Our Kids, the American Dream in Crisis — Reflections on Dr. Robert D. Putnam’s Book

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October 31, 2015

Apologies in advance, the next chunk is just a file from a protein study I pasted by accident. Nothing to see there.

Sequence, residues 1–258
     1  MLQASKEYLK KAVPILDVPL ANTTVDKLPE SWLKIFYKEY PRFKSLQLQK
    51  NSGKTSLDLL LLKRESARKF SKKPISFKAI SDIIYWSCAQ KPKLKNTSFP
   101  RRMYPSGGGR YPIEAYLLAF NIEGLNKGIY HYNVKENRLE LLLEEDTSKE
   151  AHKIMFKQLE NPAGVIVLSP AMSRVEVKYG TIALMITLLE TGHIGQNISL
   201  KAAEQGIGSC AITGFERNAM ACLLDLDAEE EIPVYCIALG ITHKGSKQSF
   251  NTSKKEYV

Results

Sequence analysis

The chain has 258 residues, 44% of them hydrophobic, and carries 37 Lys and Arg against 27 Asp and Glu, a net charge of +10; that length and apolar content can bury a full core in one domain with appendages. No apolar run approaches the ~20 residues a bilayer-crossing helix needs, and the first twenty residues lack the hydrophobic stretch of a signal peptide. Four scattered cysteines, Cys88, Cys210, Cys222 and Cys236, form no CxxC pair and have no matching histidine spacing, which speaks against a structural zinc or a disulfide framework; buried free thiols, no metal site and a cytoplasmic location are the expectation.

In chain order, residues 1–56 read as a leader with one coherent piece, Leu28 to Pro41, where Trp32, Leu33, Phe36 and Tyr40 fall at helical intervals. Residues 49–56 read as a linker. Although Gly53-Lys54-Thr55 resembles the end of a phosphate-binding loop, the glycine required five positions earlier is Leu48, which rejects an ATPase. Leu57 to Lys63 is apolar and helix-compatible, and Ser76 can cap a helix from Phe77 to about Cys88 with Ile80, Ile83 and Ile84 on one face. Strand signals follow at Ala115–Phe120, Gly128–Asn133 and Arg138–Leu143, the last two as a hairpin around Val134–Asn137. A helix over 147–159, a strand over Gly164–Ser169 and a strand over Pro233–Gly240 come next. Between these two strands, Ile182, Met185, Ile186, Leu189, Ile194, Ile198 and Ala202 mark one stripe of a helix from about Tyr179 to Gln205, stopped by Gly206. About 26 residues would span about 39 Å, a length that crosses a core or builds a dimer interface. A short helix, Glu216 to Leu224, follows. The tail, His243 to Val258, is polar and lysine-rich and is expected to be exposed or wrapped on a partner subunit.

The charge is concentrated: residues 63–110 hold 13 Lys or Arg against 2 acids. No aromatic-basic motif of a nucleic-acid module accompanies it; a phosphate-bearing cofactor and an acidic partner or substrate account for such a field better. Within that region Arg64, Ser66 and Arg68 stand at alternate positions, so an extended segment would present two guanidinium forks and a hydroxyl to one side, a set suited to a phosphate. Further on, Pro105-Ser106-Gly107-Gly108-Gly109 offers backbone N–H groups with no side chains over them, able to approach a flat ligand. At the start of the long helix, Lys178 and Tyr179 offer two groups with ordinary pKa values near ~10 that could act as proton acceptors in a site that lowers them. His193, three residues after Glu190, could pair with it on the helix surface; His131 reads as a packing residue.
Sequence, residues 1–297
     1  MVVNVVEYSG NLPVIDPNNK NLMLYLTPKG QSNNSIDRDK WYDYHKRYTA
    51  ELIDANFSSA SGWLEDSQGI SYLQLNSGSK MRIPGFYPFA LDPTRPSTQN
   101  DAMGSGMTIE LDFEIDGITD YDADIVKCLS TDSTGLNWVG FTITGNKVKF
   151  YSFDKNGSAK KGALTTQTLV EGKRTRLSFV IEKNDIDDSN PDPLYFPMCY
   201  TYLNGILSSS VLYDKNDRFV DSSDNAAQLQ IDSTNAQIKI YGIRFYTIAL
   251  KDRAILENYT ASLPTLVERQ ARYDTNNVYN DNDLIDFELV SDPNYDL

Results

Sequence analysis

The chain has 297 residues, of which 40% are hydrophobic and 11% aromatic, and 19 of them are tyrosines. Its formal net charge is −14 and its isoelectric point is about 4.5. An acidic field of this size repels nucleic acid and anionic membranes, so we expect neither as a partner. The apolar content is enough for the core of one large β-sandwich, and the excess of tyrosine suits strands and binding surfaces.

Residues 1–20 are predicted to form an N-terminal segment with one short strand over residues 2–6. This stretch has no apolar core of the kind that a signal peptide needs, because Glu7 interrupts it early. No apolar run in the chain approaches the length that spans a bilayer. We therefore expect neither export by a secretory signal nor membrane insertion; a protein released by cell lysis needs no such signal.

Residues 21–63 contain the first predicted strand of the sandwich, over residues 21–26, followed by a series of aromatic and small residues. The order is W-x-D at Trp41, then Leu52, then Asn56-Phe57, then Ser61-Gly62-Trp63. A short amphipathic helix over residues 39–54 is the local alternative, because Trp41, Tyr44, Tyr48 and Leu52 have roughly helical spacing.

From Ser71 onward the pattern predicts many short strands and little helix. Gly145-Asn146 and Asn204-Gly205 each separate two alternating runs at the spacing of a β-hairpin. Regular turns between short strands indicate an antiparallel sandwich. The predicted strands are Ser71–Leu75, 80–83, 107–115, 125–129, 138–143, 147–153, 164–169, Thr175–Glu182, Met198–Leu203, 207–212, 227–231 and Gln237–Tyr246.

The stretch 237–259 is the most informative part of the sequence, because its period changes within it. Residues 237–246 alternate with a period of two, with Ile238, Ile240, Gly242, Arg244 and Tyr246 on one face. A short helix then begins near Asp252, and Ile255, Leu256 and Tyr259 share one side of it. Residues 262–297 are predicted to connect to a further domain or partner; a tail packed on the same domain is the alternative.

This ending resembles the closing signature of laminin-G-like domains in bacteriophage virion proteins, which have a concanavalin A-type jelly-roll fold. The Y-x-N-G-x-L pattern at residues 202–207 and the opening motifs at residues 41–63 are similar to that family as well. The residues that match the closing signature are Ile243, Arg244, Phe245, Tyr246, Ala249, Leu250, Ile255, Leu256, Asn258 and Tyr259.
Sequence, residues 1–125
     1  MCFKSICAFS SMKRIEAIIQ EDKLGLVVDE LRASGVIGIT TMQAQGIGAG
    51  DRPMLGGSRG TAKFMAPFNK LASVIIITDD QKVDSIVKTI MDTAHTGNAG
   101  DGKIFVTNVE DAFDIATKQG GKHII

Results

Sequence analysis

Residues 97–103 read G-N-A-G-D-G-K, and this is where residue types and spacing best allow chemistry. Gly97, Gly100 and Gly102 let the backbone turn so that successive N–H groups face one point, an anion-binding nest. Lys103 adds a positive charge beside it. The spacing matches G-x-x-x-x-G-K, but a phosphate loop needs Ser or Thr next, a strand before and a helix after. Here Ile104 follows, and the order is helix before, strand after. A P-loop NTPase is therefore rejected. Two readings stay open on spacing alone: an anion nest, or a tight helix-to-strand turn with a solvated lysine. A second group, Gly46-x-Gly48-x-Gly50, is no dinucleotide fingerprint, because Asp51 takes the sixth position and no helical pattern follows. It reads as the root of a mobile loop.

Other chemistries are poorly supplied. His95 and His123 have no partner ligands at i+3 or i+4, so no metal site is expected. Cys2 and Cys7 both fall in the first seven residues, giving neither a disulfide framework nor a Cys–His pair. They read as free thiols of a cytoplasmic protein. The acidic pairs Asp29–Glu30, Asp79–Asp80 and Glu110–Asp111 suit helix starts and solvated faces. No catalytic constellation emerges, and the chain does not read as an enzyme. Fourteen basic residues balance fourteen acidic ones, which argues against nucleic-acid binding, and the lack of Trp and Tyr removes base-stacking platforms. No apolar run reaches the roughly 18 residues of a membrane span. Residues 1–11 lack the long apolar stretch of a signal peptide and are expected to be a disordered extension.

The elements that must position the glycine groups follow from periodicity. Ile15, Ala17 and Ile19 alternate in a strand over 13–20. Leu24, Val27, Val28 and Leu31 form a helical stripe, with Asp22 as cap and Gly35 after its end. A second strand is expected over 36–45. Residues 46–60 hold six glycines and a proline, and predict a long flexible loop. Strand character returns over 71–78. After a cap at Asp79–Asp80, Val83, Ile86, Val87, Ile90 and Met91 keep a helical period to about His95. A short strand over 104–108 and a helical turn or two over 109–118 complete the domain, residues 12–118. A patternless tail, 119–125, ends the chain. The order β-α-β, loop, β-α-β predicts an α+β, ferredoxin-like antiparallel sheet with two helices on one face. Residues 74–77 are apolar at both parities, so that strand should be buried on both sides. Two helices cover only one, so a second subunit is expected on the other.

Several days ago, my husband and I went to a gathering at Georgetown University to meet a group of premed undergraduate students all from the Georgetown Scholarship Program (GSP), a program for low income students. I had read about these students in the summer in a Washington Post article. The reporter, Daureen Brown, told a compelling story about Rashema, a homeless GSP student who defied all odds to graduate at the top of her high school class in Washington, DC and ended up at Georgetown while her mother and siblings still lived at the shelter. I was so moved by the article that I got in touch with the reporter and was connected to the Director of GSP. We arranged for one of the students from this low income program, Johanny, to “shadow” me in the hospital and my office for a week. Johanny also was able to shadow my Lady Docs friends Dr. Holly Gross, an ophthalmologist, and Dr. Karen Lewis, a pediatrician, in their offices. We all agreed Johanny was a remarkable “kid,” bright, polite, determined, compassionate. Johanny reminded me of my tough journey through high school and college, and eventually in medical school. Like Johanny, I did not have much. My English was so limited, but I understood as a “Have Not ” teenager that your inner strength is as important as your intelligence to make things happen. You set a goal, keep your determination as a little fire inside of you, and head toward your goal. Along the way, bad things might derail you from your path, but you get up from your fall, lick your wounds and get back onto the path. Recognize those who can help you, seek help, be grateful, and eventually you will get to your destination. The GSP group of students did not disappoint us. They were all so bright, lively, vulnerable from the background they came from, but eager to head out and conquer their world with the limited resources they have compared to the “rich” kids. Many of these students got accepted to even more prestigious institutions, such as Johanny who got a full ride to Wellesley, Hillary Clinton’s alma mater, but chose to go to Georgetown and its more supportive program for students “at risk” like her. One of the students we met was a charming and energetic Vietnamese girl majoring in Neurobiology, who turned down Pomona, Amherst and Haverford to attend Georgetown with a full scholarship. She, like many of the low income students, couldn’t afford to go wherever she wanted to like a rich student; she had to go where the money was, as she put it. My husband and I ended up staying with the students more than an hour past the end of the meeting. They asked us what it was like to be physicians, how to get into medicine, if it’s possible for them to do so. They surrounded us like young birds surrounding their parents trying to learn how to fly out of their nest. The world often is unkind to the underdogs, although many people in the upper class of society believe there is an abundance of help available for the poor, that all they need is to get up from their seat and join an active society and they will be fine. It’s such a misconception. This summer, I read Professor Robert Putnam’s “Our Kids, the American Dream in Crisis,” on the train going from Vienna to Prague, then to Budapest. Dr. Putnam is an expert in poverty and has been an advisor to the past four or five presidents of both parties. He has studied and researched poverty for decades, using his own experience growing up in Ohio in a lower middle class neighborhood. Dr. Putnam studied hard and attended several of the most prestigious schools, from Swarthmore to Oxford (as a Rhodes Scholar) and then to Yale. He has served as Dean of Harvard’s Kennedy School of Government. He has researched the trends of poverty, how society has changed from the 1950s until the present, and what it meant to be poor then and what is means today. According to Dr. Putnam, society in the 1950s was very different. Poor and rich families (of the same ethnicity) mingled more in the same neighborhoods, and poor children had the chance to be in the same classrooms with their wealthy schoolmates. This mere circumstance of “Whom You Go to School with Matters,” studies have shown, helped poor children to thrive. Putnam cited a study by Gary Orfield and Susan Eaton showing how poor children’s achievement improves in high-income schools. This effect, believed to be the most consistent finding in all education research, has been replicated in several studies. Unfortunately, in modern society, neighborhoods are more wealth-segregated, and high-income families settle in areas with better schools, leading the gap between the poor and rich children in modern society to widen. In the chapter about families, Dr. Putnam also explains, in a very poignant way, how family structure has changed drastically since the 1950s, with more single parents heading the impoverished households, and more mothers working outside of the home. Children in impoverished areas are no longer supervised in a nurturing environment as they were in the 1950s, causing them to stray from the path of success. The community of privileged children makes it easier for them to achieve success. Their parents have a wider network of mentors for the children, such as more affluent neighbors, colleagues, educated and powerful friends. The lack of mentorship, Dr. Putnam explains, is one of the major reasons why poor children do not succeed. While the “helicopter” parents of the more wealthy children are hovering over their kids, children of the poor, like Johanny, don’t even know how to prepare to take SAT for college! Their schools often are in unsafe areas, where the teachers spend most of their time trying to control the disruptive students, leaving less or no time to tend to the the other children in their classes. Many of the school advisors and teachers, as Johanny told me, and as discussed in Dr. Putnam’s book, have little hope for their students. They either give poor advice, or even discourage their students from seeking higher education. Dr. Robert Putnam’s book is compelling, so extremely well written in eloquent prose, that all of us should read it. The book consists of real life stories, where Putnam and his research staff looked for study subjects in poor neighborhoods and offered them fifty dollars to tell the stories of their lives. There were so many heart breaking stories of how older kids had to take care of their younger siblings, how poor kids with dreams about success had to bitterly succumb to their life of poverty even when they tried so hard to escape. In one story, the study subject even asked for permission to bring his young son to the interview so that his son can finally meet, for the first time in his life, someone who graduated from college. In the final chapter of this book, Dr. Putnam offers specific solutions to narrow the gap between rich and poor students. He encourages all of us to join him in this movement of changing a troublesome tide, to lift many of these children out of poverty. We each can do our small part in changing their fate, by mentoring them, by helping them to go to areas with better schools, or by demanding that our school system should end their “pay to play” policy, so poor children can play team sports and join the youth orchestra, and experience the joy of childhood that our children have been allowed to do. Putnam encourages us to speak out against inequality and injustice, and recreate a society where all children have a chance to blossom fruitfully into adulthood. It’s time to stop the blame game that we see both political parties playing daily. It is time, as individuals in grassroots movement, to change one life at a time, one school at a time, one neighborhood at a time. We can do better than politicians; we can change someone’s life for the better, and at a more rapid pace. For an equal and improved society, we all have the moral obligation to help bring these changes for the poor children.